What is it about alcohol that makes some people lose all cognitive function? After being dressed up as the ethanol scarecrow that would fight farm overproduction, oil dependence and global warming — despite much evidence to the contrary — a vocal minority in several states including Wisconsin has once again turned to alcohol to solve their problems. Seemingly as a half-hearted recompense to young soldiers fighting a war in Iraq most Americans no longer support, some want to lower the drinking age to 18 — for military personnel only.

The most bizarre proposal, however, is a bill introduced in Minnesota that would allow 18-year-olds to drink in bars and restaurants, but not to buy liquor in stores. Presumably supporters are afraid of uninhibited binge drinking at teen house parties, but wasn’t the whole point of the federal government strong-arming states into raising the drinking age to 21 to stop drunken driving? Overwhelming evidence shows raising the drinking age lowers fatal automobile accidents, which is why Ronald Reagan, who made big government public enemy No. 1, signed a constitutionally questionable 1984 law that ties 10 percent of federal highway funds to setting the drinking age at 21. A 2003 review by the Center for Disease Control showed increasing the drinking age lowered fatal accidents by 16 percent, and the National Traffic Highway Administration estimates 900 lives each year have been saved by the switch. While that might not seem like a huge number, it’s hard to argue against a proven safety measure.

Students can moan and groan all they like, but proposals to change the drinking age are doomed to failure as long as one out of six of adult motorists nationwide report driving under the influence, as found by the National Survey on Drug Use and Health. According to a 2007 Gallop poll, 77 percent of Americans oppose lowering the drinking age. Until it’s no longer a given that someone at a party will drive home drunk, the visceral images of deadly car accidents will continue to stir outrage, even as we decide it’s OK to drive intoxicated ourselves.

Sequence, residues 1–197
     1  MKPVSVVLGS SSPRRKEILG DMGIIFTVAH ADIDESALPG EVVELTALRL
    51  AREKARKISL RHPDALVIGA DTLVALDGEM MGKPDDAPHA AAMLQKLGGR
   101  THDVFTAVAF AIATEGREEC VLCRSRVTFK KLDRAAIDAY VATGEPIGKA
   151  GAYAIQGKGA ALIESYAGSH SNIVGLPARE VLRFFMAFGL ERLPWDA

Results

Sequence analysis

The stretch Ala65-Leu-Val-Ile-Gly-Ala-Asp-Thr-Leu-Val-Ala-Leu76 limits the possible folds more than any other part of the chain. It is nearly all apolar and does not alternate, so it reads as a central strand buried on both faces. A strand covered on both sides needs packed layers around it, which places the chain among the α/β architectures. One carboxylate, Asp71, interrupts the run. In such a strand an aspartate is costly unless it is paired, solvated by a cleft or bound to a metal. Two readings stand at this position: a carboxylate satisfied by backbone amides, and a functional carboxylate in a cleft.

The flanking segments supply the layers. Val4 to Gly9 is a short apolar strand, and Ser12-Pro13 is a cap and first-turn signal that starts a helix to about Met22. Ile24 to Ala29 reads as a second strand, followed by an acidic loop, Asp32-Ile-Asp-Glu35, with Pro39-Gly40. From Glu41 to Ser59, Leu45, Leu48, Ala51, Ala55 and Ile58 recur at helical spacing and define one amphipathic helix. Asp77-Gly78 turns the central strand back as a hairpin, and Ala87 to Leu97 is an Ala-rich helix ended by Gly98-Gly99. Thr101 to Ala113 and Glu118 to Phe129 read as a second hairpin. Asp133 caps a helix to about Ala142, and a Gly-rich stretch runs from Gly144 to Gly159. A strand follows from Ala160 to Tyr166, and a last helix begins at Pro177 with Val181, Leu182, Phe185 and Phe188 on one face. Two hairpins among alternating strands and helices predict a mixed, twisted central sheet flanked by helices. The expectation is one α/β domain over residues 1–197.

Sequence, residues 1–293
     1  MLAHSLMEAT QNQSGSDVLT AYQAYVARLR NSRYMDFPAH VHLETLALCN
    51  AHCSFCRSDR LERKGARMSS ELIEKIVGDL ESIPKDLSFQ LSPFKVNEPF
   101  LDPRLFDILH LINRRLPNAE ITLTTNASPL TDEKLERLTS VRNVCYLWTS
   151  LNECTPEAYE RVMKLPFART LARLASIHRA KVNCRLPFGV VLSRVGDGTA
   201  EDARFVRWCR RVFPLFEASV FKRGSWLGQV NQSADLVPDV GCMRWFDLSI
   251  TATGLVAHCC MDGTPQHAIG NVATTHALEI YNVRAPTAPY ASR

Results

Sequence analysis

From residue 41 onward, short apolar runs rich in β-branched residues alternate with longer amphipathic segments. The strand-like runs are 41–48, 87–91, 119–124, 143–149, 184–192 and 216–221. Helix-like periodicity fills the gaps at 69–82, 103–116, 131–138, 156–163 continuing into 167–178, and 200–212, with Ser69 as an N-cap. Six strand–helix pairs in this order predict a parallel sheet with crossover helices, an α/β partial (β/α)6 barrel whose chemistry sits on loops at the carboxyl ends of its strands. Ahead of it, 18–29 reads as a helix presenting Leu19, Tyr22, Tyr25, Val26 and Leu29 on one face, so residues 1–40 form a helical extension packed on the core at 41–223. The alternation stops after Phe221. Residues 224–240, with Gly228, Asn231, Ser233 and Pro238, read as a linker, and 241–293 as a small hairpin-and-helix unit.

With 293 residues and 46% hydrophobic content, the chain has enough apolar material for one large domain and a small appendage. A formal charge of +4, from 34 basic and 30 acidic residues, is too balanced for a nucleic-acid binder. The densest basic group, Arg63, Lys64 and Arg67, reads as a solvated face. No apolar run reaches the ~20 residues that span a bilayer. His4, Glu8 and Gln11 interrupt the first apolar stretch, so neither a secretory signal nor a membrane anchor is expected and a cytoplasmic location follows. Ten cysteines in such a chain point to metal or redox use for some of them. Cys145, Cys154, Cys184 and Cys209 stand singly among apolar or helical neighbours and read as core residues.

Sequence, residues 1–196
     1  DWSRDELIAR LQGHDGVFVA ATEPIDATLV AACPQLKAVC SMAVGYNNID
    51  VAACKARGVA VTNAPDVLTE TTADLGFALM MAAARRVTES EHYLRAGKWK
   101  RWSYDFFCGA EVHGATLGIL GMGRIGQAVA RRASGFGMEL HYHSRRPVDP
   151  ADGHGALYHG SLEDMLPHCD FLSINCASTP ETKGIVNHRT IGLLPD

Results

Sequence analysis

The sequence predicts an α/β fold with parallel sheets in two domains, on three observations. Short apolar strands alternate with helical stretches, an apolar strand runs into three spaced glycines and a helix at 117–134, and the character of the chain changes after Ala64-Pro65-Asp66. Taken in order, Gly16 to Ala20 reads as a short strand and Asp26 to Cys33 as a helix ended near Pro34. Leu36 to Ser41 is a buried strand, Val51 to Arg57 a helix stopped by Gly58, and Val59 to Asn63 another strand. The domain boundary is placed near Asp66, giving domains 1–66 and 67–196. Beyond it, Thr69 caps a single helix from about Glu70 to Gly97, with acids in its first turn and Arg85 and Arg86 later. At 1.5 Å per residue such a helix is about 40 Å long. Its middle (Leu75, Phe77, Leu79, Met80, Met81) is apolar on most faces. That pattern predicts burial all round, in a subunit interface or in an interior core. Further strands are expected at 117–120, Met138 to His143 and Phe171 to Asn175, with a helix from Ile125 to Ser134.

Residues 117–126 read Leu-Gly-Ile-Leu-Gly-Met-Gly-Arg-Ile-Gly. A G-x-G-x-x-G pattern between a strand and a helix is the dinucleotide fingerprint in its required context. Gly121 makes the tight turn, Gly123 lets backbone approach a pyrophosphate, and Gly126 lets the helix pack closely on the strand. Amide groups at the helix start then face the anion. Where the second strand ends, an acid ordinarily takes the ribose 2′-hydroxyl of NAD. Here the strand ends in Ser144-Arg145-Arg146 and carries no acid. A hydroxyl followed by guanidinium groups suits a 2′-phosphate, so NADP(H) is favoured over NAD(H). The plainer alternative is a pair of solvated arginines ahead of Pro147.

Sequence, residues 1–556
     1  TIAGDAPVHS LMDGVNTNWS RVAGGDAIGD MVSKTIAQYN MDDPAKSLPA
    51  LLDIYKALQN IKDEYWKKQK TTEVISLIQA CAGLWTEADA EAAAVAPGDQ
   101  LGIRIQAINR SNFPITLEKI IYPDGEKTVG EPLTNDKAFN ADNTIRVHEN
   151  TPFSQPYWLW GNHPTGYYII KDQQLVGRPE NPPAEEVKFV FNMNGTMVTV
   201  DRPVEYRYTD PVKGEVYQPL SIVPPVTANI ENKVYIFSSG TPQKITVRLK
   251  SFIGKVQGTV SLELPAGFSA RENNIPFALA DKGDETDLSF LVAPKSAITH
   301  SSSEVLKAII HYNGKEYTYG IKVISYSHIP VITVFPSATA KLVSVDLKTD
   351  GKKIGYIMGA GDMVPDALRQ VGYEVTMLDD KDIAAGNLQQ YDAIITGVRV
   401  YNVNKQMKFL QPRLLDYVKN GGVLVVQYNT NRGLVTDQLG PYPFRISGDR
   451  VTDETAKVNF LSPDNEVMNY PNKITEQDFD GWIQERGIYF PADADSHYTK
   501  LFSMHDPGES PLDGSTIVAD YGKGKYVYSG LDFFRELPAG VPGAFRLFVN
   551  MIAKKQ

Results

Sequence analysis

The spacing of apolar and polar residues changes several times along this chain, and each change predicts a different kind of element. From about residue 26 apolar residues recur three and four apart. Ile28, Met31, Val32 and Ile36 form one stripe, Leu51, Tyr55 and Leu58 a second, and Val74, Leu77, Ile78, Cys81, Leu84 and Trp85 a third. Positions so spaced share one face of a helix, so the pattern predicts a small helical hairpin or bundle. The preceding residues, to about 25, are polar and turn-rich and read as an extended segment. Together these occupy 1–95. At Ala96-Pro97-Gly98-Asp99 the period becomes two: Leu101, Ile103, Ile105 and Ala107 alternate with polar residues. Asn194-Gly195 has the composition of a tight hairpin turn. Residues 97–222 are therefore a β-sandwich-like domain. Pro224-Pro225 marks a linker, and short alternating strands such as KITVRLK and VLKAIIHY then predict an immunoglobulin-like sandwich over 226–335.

Wisconsin tops the list of drunken drivers, with more than a quarter of motorists saying they have driven while intoxicated in the past year. Of course, analysts immediately hit on the obvious cultural factors at play here, with both Nina J. Emerson, director of the Resource Center on Impaired Driving at the University of Wisconsin Law School, and Paul Moberg, senior scientist at UW’s Population Health Institute, pointing to Wisconsin’s general acceptance of drinking being higher than many other states, according to an April 22 Milwaukee Journal Sentinel article.

But this ignores the fact that even in Utah, a state where a majority of residents belong to a religion that prohibits the consumption of alcohol, one in 10 people reported drinking and driving. Clearly, the problem is Americans love their cars as much they love their booze. The United Kingdom — with the same .08 blood-alcohol concentration legal limit as all 50 U.S. states?– had only 560 alcohol-related deaths in 2004 among its 60 million people, according to the British Medical Association. While the U.S. has five times the population, it had more than 20 times the alcohol-related deaths.

One oft-cited explanation for high U.S. traffic fatalities is that most international drivers first receive permits after they reach the legal drinking age. This makes little to no sense, however. The difference, if any, is usually less than a year, and traffic fatalities, sober and not, remain high for young people well after they turn 21, as any insurance or rental car agent will tell you. The only reason the drinking age won’t raise to 25 is the uproar would be even louder than if it were lowered to 18. It’s certainly true Europeans are less car-dependent, but the move to public transportation in this country has been slow and painful.

No, what Wisconsin needs is to correct its two-faced attitude toward drunken driving with harsh penalties even for first-time offenses — this is the only state where a first drunken driving incident is not criminal. While there are concerns ignition locks may not yet hold the answer, as a California Motor Vehicles Department study found they did not deter first-time offenders, we should look to innovations like these to keep alcohol-impaired drivers off the street. If we can do that, then maybe college students young and old can legally have a beer together.


Tim Williams ([email protected]) is a senior majoring in English.